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                                                        Chevy Drive-by-Wire systems 1997 up

The drive by wire system first appeared on the 1997 Corvette with the introduction of the LS1 engine. Even though the F-body (Camaro-Firebird) was introduced with the LS1 engine and the GM truck line in 1999 with the Gen III "Vortec"  most of the trucks  stayed with the throttle by cable system. There are e few such as the 6.0L which was DBW.  It was in 2005 that all  trucks finally came on board with DBW. The F-bodies were all cable actuated.

Drive by wire systems allows for a faster throttle response, better control over throttle application when combined with traction control and ABS and eliminates the need for a separate cruise control module. the system basically consists of the accelerator pedal with the built in potentiometer (variation of voltage output with pedal position), this is known as the APP (Accelerator Pedal Position), the TACS (Throttle actuator Controller) module and then the Servomotor and throttle sensor on the throttle body.

 The TPS on the throttle body is actually two sensors in one package, that has opposite degree of output voltages to the TAC module and PCM, and serves to "cross check"  and provides feedback each other with the APP sensor. The APP sensor actually has three position sensors, #1 sensor sends an increasing voltage, while #2 and #3 sends a decreasing voltage but at a different rate.  The program in the TAC has built in parameters to make sure the sensors are in agreement with each other to smoothly actuate the servo motor on the throttle body. The built in redundancy of the system allows for safe operation of the system in case of minor failures, and will reduce power and even completely shut down the engine in case of a hard failure. The TAC module also is in continuous communication with the pcm. the failure of one sensor will store a trouble code in the pcm and the system will continue to operate normally.  Failure of two sensors will result in reduced power, while an unlikely failure of all systems, may command a complete engine shut down.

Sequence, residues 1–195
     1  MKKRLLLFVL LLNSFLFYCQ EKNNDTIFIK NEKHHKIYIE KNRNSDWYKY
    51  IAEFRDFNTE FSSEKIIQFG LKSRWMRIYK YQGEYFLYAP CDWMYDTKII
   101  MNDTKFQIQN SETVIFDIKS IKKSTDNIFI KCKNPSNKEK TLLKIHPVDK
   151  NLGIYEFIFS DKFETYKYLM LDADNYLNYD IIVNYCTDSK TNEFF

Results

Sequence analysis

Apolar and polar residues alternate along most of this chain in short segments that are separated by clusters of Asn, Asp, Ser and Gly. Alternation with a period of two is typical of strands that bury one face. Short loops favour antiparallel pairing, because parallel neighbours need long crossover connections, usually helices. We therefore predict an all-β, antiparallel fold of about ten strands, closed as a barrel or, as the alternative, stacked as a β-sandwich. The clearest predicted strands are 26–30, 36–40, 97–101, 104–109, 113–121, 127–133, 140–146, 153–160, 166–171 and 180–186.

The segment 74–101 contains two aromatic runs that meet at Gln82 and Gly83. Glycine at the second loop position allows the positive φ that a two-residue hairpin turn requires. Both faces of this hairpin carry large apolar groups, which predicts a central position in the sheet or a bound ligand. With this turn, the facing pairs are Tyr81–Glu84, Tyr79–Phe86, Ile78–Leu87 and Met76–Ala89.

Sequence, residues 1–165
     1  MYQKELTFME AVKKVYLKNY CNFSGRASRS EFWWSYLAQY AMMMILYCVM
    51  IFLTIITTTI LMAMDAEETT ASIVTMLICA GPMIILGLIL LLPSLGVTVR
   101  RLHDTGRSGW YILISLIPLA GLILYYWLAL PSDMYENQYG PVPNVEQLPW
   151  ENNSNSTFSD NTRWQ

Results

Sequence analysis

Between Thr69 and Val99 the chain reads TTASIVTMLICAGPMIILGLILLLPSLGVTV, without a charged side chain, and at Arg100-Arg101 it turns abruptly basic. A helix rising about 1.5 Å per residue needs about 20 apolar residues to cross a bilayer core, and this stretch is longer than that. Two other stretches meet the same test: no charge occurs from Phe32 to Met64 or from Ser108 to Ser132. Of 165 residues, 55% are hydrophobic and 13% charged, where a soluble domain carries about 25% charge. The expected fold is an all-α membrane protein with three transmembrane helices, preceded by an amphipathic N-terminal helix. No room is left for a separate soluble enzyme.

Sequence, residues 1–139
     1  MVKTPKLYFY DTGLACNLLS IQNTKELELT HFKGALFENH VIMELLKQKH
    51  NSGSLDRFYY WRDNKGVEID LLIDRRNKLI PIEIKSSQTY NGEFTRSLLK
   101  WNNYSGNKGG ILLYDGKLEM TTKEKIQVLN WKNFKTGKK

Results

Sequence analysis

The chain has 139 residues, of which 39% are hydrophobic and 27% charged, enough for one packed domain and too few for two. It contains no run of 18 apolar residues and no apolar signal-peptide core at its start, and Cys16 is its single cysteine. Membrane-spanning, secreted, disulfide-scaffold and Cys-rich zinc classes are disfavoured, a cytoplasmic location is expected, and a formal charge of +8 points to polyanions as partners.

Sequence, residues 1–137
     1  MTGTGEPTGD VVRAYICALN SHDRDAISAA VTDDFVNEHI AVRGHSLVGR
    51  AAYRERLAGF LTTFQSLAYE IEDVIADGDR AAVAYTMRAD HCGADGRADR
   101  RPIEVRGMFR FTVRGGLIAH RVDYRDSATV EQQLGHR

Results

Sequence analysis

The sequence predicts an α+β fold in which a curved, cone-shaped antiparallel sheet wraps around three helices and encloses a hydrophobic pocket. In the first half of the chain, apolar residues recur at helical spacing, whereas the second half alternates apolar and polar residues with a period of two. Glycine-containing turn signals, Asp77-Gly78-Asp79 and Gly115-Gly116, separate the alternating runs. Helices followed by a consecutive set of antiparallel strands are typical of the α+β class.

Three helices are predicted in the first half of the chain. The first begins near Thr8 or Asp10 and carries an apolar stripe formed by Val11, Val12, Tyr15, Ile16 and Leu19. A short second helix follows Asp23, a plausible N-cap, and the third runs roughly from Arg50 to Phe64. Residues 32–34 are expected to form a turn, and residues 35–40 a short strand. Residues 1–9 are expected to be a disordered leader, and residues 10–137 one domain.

The TAC module and pcm communicate through a dedicated redundant serial data circuit. These means that these data line's are used for no other purpose.

1998-2005 Corvette Throttle Body                                             1998-2004 Corvette and Truck Throttle Body

2003 and up Truck Throttle Body                                               2006-2008 Corvette and Truck APPS connector

1998-2005 Corvette/ Truck APPS (accelerator pedal)                2003-2008 Throttle Body

2006 and up Corvette-Truck APPS                                             1997-2005 Corvette, 2002-2005 Truck Wiring diagrams

TAC Controller                                                                          2005 and later DBW schematics

1997-2005 Corvette, 2002-2005 Truck Connectors


The 2001-02 TAC module works only with 2001-02 truck TB, 1997-2004 Corvette TB, with the matching pedal. This uses the service # 12200411 pcm  (red/blue) connectors.

The 2003-06 TAC module works only with 2003-2006 truck. This uses the 2003-06 pcm with the blue/green connectors. See pcm chart for years listed.